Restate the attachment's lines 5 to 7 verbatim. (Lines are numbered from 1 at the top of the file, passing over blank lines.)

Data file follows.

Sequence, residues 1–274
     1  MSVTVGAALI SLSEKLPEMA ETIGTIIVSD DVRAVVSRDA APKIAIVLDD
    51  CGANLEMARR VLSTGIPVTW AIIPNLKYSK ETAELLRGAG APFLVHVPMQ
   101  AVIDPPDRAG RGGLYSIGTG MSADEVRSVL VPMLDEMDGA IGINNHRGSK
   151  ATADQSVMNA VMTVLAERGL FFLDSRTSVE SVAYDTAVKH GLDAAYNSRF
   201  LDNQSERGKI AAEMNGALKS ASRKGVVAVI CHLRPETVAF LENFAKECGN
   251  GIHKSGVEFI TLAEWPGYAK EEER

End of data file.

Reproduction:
   151  ATADQSVMNA VMTVLAERGL FFLDSRTSVE SVAYDTAVKH GLDAAYNSRF
   201  LDNQSERGKI AAEMNGALKS ASRKGVVAVI CHLRPETVAF LENFAKECGN
   251  GIHKSGVEFI TLAEWPGYAK EEER